Abstract master Zao Wou-ki, one of China’s most significant artists whose works routinely fetch millions of dollars at auction, has died in Switzerland aged 93.
Zao, who suffered from Alzheimer’s, died on Tuesday and had been in hospital for 10 days in the western Swiss town of Nyon, his widow’s lawyer Marc Bonnant told Reuters.
[…]”He mixed Western influences with his Chinese identity to give his work a universal scope,” [French Foreign Minister] Fabius said in a statement. “With him, we are losing an emblematic figure of lyrical abstraction whose work made an outstanding contribution.”
The New York Times outlines Zao’s emigration to France, his artistic lineage, and the popular reception of his work in the west:
[…]Mr. Zao’s abstract works — influenced by both European abstraction and traditional Chinese brushwork — quickly drew the attention of galleries in New York and Paris, where he was regularly showing by the 1950s. He befriended contemporaries like Alberto Giacometti and Joan Miró.
[…]Considered one of the School of Paris artists, Mr. Zao was lauded in his adopted country, which held retrospectives of his works at major venues like the Galeries Nationales du Grand Palais (1981), the Galerie Nationale du Jeu de Paume (2003) and the Bibliothèque Nationale de France (2008). His works are also in the collections of museums like the Tate in London and the Guggenheim in New York.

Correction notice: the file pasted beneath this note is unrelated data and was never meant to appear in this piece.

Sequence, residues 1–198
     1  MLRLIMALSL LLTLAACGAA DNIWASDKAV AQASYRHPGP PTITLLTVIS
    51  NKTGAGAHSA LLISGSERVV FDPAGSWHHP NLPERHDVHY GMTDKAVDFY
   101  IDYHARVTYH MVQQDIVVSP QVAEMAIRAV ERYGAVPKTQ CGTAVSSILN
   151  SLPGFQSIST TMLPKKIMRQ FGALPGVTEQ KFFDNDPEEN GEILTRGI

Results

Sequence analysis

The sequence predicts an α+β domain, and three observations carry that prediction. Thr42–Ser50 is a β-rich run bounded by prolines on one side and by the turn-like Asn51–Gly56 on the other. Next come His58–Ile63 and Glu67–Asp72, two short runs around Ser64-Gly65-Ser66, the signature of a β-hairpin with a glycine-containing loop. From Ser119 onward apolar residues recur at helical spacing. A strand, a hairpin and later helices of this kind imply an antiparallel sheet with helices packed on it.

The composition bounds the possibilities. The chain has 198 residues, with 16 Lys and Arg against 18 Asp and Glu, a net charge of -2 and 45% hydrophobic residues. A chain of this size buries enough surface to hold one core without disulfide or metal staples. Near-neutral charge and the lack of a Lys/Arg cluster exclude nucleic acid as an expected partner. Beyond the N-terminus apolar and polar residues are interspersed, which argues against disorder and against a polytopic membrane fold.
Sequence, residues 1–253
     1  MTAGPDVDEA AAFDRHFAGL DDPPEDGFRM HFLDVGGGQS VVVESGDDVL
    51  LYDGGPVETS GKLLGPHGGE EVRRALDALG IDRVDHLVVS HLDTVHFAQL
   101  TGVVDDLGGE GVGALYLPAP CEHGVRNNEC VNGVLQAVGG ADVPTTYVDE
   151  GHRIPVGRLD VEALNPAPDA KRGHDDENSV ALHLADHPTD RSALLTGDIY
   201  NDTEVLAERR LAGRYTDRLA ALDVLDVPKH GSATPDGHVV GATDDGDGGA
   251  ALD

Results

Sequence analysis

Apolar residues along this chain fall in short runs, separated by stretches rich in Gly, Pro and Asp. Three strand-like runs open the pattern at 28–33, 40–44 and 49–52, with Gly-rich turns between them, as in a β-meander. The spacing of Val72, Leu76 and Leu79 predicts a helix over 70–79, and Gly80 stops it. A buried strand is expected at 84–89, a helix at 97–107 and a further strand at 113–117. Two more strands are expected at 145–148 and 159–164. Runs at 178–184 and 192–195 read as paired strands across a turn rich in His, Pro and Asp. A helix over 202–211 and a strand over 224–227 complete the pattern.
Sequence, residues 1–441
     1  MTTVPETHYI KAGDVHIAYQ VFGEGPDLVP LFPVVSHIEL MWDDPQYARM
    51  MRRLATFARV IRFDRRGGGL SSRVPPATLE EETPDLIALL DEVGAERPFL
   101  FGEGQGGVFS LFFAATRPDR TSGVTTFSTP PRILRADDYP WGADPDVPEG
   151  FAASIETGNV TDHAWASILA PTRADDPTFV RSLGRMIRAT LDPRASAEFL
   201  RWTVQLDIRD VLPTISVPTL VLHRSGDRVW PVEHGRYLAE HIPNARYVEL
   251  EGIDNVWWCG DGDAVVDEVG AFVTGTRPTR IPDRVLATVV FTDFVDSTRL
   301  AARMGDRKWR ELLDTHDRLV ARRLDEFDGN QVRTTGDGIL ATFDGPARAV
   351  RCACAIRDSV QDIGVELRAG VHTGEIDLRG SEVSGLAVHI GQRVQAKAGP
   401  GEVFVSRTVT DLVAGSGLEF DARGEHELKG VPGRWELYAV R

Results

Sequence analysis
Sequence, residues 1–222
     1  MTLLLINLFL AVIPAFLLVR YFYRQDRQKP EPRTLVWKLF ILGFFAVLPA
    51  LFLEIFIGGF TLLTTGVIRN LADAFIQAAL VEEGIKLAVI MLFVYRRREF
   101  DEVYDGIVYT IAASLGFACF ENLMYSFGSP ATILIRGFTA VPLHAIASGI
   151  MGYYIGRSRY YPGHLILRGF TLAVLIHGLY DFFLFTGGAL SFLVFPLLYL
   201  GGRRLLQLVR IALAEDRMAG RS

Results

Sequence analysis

Recognition came later in his homeland, where the art scene was disrupted by the Cultural Revolution.[…]
After waning in popularity in the 1990s, there was renewed demand for Zao’s work, especially in Hong Kong, Taiwan, and Mainland China. The Wall Street Journal reports:
The artist’s career was rejuvenated following a major retrospective in Paris in 2003. Since then, his blend of Chinese techniques with Western modernist aesthetics has caught the eye of wealthy Asian collectors – especially from Taiwan and mainland China – who have paid significant sums for his works.
In 2011, Mr. Zao was the top-selling, living Chinese artist at auction, with his works fetching $90 million in sales that year. Demand remains strong: Last week, his painting “10.03.83” sold for $4.8 million at a Sotheby’s sale in Hong Kong.
The South China Morning Post explains the progression of Zao’s influences, noting that his cosmopolitanism “bridged east and west,” making him a hit in western and Chinese art circles:
Art dealer Daphne King of Alisan Fine Arts, one of the first galleries to exhibit Zao’s art works in Hong Kong in 1993, said Zao was among a generation of Chinese artists studying in the West.
[…]Being exposed to Western art changed Zao’s artistic course. In 1951, he discovered Paul Klee’s paintings at museums in Bern and Geneva and it this was a big influence on him.
[…]Zao’s works were not just about the prices, said King. “Westerners thought he was Chinese, but Chinese thought he was very westernised. His works bridge the east and west,” she said.
Also see prior CDT coverage of contemporary art in China.